Also noting the SDK's release was John Carmack: "We (Id) have put in our application like everyone else, so I don't have any inside information at this point. I think Steve is still pissed at me over some negative comments I made about iPod development tools a while ago. Just based on the blurbs, it looks very good -- a simulator plus debugging on the native device is the best of both worlds, and a 70% royalty deal for apps over iTunes is quite good. The iTunes distribution channel is really a more important aspect than a lot of people understand. The ability to distribute larger applications than the over-the-air limits and effectively market your title with more than a dozen character deck name, combined with the reasonable income split make this look like a very interesting market. This type of developer / customer interaction is probably the wave of the future for mobile devices, it will be interesting to see how quickly the other players can react. Based on our experiences with the carriers, I am betting not very quickly."

Clear off a bit of disk space if you're fetching the SDK - it's a 2.1GB download. Sadly, it's for Intel Macs only, so I'm out in the cold for now. Or is it? "FWIW this is on a PowerPC Mac where I managed to get the full SDK installed by manually opening the packages. Despite Apple not supporting it, it seems to work well; even the simulator runs."

Noteworthy indeed: the reclusive director of, amongst other works, La Jetée (the basis for Twelve Monkeys), Chris Marker, will be present at a gathering in SL on Tuesday, 11am PDT/6pm GMT, courtesy of Zurich's Museum für Gestaltung.

It's essentially a commercial, but what a gorgeously realised one.. Trembled Blossoms.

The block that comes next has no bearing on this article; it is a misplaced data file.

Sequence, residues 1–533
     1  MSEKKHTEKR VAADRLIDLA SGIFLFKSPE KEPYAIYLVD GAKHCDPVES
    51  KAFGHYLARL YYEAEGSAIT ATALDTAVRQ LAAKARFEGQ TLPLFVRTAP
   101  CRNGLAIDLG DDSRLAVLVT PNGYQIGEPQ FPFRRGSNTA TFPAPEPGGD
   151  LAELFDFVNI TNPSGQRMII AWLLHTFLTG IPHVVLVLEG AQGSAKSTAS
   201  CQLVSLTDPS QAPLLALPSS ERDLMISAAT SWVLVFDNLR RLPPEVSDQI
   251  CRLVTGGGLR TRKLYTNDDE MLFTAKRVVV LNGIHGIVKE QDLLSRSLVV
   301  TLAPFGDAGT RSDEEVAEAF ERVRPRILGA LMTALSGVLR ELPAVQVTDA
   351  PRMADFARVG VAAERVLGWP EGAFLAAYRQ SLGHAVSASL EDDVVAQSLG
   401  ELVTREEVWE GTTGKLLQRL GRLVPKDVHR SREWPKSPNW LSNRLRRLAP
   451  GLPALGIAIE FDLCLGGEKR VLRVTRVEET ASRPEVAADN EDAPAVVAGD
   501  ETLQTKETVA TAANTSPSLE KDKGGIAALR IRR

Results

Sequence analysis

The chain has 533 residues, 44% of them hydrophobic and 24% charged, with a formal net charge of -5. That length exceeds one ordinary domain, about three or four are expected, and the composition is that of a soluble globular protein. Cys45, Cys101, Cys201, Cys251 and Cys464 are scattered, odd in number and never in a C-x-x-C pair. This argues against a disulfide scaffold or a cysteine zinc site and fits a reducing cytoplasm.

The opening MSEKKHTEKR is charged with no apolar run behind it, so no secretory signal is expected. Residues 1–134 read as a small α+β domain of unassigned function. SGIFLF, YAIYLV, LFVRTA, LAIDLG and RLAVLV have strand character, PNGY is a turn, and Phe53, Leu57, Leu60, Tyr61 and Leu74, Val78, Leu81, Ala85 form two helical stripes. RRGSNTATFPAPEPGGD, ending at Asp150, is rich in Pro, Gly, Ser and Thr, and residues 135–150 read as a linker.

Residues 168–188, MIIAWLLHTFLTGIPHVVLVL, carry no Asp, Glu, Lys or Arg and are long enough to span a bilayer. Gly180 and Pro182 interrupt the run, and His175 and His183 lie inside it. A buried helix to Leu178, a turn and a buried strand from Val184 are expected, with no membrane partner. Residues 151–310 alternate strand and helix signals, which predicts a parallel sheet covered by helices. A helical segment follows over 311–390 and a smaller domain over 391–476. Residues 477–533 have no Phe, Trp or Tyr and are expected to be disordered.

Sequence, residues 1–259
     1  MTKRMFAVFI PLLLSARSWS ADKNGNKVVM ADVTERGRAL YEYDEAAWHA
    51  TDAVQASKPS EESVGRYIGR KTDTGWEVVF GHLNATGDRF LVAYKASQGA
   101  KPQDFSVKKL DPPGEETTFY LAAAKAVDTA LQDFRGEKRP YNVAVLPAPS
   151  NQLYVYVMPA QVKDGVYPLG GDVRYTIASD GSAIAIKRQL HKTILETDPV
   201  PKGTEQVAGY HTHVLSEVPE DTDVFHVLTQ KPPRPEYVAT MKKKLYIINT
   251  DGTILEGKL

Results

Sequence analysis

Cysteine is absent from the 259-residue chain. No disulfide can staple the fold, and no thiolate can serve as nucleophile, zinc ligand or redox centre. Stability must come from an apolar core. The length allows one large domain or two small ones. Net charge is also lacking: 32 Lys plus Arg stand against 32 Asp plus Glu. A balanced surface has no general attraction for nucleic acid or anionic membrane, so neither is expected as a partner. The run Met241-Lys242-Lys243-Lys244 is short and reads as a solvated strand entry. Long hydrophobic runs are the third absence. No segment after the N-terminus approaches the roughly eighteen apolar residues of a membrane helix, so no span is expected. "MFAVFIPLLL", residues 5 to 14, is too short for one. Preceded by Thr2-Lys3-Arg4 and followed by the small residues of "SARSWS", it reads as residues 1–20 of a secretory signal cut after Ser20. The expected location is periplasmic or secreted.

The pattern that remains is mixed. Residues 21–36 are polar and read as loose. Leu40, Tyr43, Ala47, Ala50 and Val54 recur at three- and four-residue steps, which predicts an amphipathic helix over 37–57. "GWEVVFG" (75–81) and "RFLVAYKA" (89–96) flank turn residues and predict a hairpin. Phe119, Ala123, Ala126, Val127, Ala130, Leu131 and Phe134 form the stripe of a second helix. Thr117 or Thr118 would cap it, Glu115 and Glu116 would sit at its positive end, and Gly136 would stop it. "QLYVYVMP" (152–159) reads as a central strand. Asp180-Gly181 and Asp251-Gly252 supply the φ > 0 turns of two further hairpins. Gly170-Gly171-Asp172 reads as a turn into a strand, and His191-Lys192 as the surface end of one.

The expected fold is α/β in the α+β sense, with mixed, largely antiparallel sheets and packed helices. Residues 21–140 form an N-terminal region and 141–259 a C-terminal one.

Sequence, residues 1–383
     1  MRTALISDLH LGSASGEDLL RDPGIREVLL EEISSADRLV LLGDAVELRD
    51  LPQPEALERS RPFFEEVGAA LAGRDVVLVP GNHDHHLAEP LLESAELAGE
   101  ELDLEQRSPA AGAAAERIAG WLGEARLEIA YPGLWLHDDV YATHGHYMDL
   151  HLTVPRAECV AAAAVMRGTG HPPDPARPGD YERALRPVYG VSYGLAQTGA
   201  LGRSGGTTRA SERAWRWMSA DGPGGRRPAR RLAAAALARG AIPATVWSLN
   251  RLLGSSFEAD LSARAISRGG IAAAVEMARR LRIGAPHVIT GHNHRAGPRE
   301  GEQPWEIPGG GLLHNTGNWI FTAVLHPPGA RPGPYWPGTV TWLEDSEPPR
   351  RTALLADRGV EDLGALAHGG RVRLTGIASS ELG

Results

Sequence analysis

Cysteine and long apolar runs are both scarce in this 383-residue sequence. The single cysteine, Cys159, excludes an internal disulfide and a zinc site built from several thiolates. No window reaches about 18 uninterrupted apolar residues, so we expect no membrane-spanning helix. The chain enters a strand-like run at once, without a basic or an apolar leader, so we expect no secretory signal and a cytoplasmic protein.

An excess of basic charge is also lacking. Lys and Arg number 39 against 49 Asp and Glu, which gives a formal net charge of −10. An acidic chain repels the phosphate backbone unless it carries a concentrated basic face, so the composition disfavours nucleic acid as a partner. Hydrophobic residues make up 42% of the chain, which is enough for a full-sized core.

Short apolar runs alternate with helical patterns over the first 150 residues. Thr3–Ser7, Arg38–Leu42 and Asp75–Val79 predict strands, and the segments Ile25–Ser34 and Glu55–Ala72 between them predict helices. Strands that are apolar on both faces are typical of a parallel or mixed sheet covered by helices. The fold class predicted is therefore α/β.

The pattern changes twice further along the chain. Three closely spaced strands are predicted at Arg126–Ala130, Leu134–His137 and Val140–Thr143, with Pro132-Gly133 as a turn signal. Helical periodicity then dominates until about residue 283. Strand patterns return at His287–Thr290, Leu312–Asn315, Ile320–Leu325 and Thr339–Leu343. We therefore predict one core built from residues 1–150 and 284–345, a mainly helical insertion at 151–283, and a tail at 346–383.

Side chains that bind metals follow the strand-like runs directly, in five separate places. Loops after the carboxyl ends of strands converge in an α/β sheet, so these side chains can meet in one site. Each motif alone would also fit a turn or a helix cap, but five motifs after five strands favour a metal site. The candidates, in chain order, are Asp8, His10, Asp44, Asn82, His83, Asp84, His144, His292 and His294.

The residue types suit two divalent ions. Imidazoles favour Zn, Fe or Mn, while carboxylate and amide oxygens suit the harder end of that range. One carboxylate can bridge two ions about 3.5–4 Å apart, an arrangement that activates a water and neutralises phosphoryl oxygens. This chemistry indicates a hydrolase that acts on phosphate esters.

You've seen the "Truth in Advertising" short, produced a few years back by ad agency insiders - here's a similar endeavor atomicat found, from 1965 or so, The Cliché Family. =:D

Quite a substantial interview with Phorm's CEO, with as much spin as you'd expect; the comments take issue with matters inadequately addressed.

Ah, the joys of security theater.. someone brings a MacBook Air through TSAland: 'One takes me aside to a partitioned cubicle. Another of the endless supply of TSA agents takes the rest of my bags to a different cubicle. No yellow brick road here, just a pair of yellow painted feet on the floor, and my flight is boarding. I am made to understand that I should stand and wait. My laptop is on the table in front of me, just beyond reach, like I am waiting to collect my personal effects after being paroled. I'm standing, watching my laptop on the table, listening to security clucking just behind me. "There's no drive," one says. "And no ports on the back. It has a couple of lines where the drive should be," she continues.'